A very useful article published by The Smithsonian.

SMARTNEWS published by The Smithsonian yesterday confirmed what we were starting to suspect; there was a widespread problem with excessive Vitamin D in dog food.

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Excessive Vitamin D in Pet Food May Be Making Dogs Sick

A number of brands, including Nutrisca and Natural Life, have issued recalls of certain products

(HANNAH SUMMERS / Alamy Stock Photo)

By Brigit Katz
smithsonian.com  December 5, 2018

The Food and Drug Administration is warning dog owners to keep a close watch on their furry friends, after several brands of dry dog food were found to contain potentially toxic levels of vitamin D.

According to NPR’s Amy Held, the FDA has received reports of dogs falling ill after eating certain foods, which are made by an unnamed manufacturer and sold under at least eight different brands. Nutrisca and Natural Life issued recalls in early November, reports Shelby Lin Erdman of the Atlanta Journal-Constitution, and several other brands have followed suit. The full list, which includes products by Sunshine Mills and ELM Pet Foods, can be seen here.

The FDA says the situation is developing, and its scientists are still working to definitively link the dogs’ illnesses to their diet. But when the agency sampled some of the questionable products, it found that the foods contained as much as 70 times the amount of intended vitamin D.

As it does in humans and other mammals, vitamin D helps dogs maintain calcium and phosphorus levels in their bodies, which is essential for bone formation, along with heart, muscle and nerve function.

But if pooches ingest excessive doses of the nutrient—which happens most often when dogs accidentally eat vitamin D-containing rodenticide —their calcium and phosphorous levels can get thrown off balance, according to the veterinary company VCA. Very high amounts of vitamin D can have a number of serious health effects on dogs, including kidney disease and even death.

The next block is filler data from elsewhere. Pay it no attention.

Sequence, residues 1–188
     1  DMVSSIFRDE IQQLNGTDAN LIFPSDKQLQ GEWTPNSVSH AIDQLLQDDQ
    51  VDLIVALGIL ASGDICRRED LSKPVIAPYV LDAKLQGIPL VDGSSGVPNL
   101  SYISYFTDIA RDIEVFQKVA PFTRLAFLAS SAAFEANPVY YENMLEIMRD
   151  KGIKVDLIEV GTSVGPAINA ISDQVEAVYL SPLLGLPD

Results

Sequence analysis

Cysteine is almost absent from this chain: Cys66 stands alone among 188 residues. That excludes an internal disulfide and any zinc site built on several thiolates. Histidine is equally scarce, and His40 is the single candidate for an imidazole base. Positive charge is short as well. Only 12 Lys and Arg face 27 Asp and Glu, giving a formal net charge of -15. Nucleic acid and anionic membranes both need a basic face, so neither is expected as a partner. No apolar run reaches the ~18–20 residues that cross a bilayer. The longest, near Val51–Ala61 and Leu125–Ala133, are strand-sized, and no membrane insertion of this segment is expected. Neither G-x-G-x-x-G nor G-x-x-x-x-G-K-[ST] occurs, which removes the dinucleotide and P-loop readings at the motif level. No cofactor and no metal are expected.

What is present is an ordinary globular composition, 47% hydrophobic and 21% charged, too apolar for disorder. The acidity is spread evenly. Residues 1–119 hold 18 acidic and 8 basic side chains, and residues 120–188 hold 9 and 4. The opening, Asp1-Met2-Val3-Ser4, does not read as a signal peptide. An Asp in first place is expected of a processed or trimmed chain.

Symptoms of vitamin D poisoning in dogs include vomiting, loss of appetite, increased thirst, increased urination, excessive drooling and weight loss. The FDA says that pet owners who notice these symptoms in dogs that have been eating the recalled brands should contact their vets right away—there are treatments that can help.

The agency also recommends disposing of recalled products in a way that makes them inaccessible to pets, wildlife and children. And owners who suspect that their dogs have fallen sick from vitamin D poisoning can report the illness to the FDA through an online portal.

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That online portal may be accessed here.

Please share this with other dog lovers.

That Look – Of A Siberian Husky!

Those eyes!

Of all the dogs that we can look at the Siberian Husky takes the biscuit! I’m talking about those eyes!

Up until reading this article in the Smithsonian I hadn’t really stopped to wonder how those eyes came about.

Read on …

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How Siberian Huskies Get Their Piercing Blue Eyes

A new study suggests that the defining trait is linked to a unique genetic mutation

smithsonian.com
(Yasser Alghofily/Flickr)

At-home DNA kits have become a popular way to learn more about one’s ancestry and genetic makeup—and the handy tests aren’t just for humans, either. Dog owners who want to delve into their fluffy friends’ family history and uncover the risks of possible diseases can choose from a number of services that screen doggie DNA.

As Kitson Jazynka reports for National Geographic, one of these services, Embark Veterinary, Inc., recently analyzed user data to unlock an enduring canine mystery: How did Siberian huskies get their brilliant blue eyes?

Piercing peepers are a defining trait of this beautiful doggo. According to the new study, published in PLOS Genetics, breeders report that blue eyes are a common and dominant trait among Siberian huskies, but appear to be rare and recessive in other breeds, like Pembroke Welsh corgis, old English sheepdogs and border collies. In some breeds, like Australian shepherds, blue eyes have been linked to patchy coat patterns known as “merle” and “piebald,” which are caused by certain genetic mutations. But it was not clear why other dogs—chief among them the Siberian husky—frequently wind up with blue eyes.